The tonearm that came with the tt is manufactured by Mission Electronics. I know very little about this arm, please see my other thread on this subject. I'll leave it on for now. It also came with quite a heavy rubber after market mat, a "Unitronics Strobo-Mat". Regarding cartridges and cables, I'll initially swap the Benz Micro Silver and the Cardas Golden Cross from my TD 166 Mk II. I'll take your advise and listen to the table as is, for now.
Faradayblue, I know of only two Mission tonearms: one was slim and was the 774, the other was massive - much more "chunky" than a Rega for instance - and was called the Mechanic. The slim one was considered good, and with MMs such as the Grados for instance, are sonically superior to the Regas, MMs in general (and in my own experience/experiments) preferring lower-mass arms, regardless of what the manufacturers say (these same manufacturers feel compelled to write that their designs prefer medium or high-mass tonearms because apart from the Morch that's prety well all there is these days!). As far as MCs go, then the Regas probably have it, though this isn't certain. If it is the large, chunky piece of business, then this is the legendary Mechanic which I would give my eyeteeth to have, a superb tonearm which you should keep, assuming the bearings have not been damaged. At best, have it re-wired by the folk at Incognito.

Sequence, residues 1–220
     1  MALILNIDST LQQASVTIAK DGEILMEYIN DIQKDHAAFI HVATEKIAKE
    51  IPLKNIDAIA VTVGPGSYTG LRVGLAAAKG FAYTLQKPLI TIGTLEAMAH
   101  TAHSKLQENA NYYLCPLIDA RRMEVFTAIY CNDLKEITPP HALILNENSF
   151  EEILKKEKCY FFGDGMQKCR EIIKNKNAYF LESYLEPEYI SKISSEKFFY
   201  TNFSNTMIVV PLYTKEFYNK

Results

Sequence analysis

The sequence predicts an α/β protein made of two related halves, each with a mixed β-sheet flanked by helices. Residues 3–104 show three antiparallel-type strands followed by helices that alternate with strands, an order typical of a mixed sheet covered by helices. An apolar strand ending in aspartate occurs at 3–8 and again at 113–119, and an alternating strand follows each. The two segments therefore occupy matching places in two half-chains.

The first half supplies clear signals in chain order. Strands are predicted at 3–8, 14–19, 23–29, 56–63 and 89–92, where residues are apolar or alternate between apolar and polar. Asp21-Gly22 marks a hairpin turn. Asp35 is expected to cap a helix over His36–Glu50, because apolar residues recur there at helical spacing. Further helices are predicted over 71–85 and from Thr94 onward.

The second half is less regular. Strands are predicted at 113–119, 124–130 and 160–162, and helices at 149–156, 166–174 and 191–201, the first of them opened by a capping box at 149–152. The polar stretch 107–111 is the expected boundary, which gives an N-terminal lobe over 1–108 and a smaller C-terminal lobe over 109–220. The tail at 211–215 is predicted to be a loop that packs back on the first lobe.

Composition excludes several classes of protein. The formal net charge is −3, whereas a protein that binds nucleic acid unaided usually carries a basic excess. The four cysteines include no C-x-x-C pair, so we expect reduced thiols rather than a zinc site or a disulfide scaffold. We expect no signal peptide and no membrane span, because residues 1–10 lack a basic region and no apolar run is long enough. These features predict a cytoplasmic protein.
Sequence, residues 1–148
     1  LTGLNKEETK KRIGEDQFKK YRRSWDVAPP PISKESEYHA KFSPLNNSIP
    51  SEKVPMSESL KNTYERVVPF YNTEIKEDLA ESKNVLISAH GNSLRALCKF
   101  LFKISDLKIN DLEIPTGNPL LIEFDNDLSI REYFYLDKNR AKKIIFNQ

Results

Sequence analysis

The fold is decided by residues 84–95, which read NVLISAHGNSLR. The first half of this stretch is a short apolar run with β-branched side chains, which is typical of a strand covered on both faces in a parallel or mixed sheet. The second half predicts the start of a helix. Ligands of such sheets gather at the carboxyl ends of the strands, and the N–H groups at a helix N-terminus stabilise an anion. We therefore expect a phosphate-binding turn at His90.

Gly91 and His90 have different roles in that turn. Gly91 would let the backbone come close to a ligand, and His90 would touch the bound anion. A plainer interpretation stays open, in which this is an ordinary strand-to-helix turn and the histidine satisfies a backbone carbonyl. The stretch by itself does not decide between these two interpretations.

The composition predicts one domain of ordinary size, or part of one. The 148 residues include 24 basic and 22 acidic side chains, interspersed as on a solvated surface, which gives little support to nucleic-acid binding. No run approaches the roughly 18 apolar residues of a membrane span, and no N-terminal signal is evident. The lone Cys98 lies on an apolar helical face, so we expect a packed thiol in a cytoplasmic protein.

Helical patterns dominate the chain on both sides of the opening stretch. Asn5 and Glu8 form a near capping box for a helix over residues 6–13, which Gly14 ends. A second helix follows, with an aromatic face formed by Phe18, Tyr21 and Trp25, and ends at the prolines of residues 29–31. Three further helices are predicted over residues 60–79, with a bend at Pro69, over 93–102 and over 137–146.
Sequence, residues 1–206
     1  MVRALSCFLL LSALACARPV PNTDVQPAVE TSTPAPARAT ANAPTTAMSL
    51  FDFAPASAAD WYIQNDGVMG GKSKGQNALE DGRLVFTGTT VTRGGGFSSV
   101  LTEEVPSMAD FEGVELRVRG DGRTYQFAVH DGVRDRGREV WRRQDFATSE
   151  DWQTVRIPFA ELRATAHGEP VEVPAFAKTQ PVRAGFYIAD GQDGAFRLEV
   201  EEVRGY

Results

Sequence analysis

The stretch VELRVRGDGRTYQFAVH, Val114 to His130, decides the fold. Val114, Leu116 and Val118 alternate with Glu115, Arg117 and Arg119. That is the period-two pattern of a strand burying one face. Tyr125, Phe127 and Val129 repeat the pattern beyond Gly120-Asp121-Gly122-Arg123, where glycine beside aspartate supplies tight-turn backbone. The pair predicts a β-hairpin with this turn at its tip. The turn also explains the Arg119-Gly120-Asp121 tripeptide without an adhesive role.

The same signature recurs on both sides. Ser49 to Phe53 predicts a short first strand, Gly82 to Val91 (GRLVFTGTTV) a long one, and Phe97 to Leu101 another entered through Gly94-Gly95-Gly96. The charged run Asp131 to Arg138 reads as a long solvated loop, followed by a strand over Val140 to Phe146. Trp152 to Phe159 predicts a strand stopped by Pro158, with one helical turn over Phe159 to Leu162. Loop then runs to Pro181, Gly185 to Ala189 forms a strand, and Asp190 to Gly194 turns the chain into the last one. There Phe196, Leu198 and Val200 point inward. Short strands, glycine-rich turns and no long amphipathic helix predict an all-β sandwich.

Hi Faradayblue,

Any condition that a turntable exhibits that alters the signal the cartridge is retrieving from the record is a detriment and takes us further away from reproducing the sound of the music as it has been captured by the recording team. Unwanted vibration and resonance surely causes a change to the signal and should therefore be eliminated as much as possible.

Felt will damp some ringing and resonances present in the structure of the Thorens but it will not be as effective as more absorptive materials (that are typically more massive). The objective is to convert the mechanical vibration to another form of energy that will not affect the musical signal. Converting the mechanical vibration to thermal energy (heat) is very effective if the transfer is done as efficiently and quickly as possible.

I do agree with Lugnut that you must be careful not to alter the original tuning of the suspension system in a turntable that suspends the plinth with a compliant spring or supports the plinth with a compliant spring. Adding mass to the plinth will change the resonance frequency of the suspension system which the turntable’s designer has optimized (hopefully correctly). If you do add more mass to the plinth, you can change the springs which comprise the suspension system to compensate.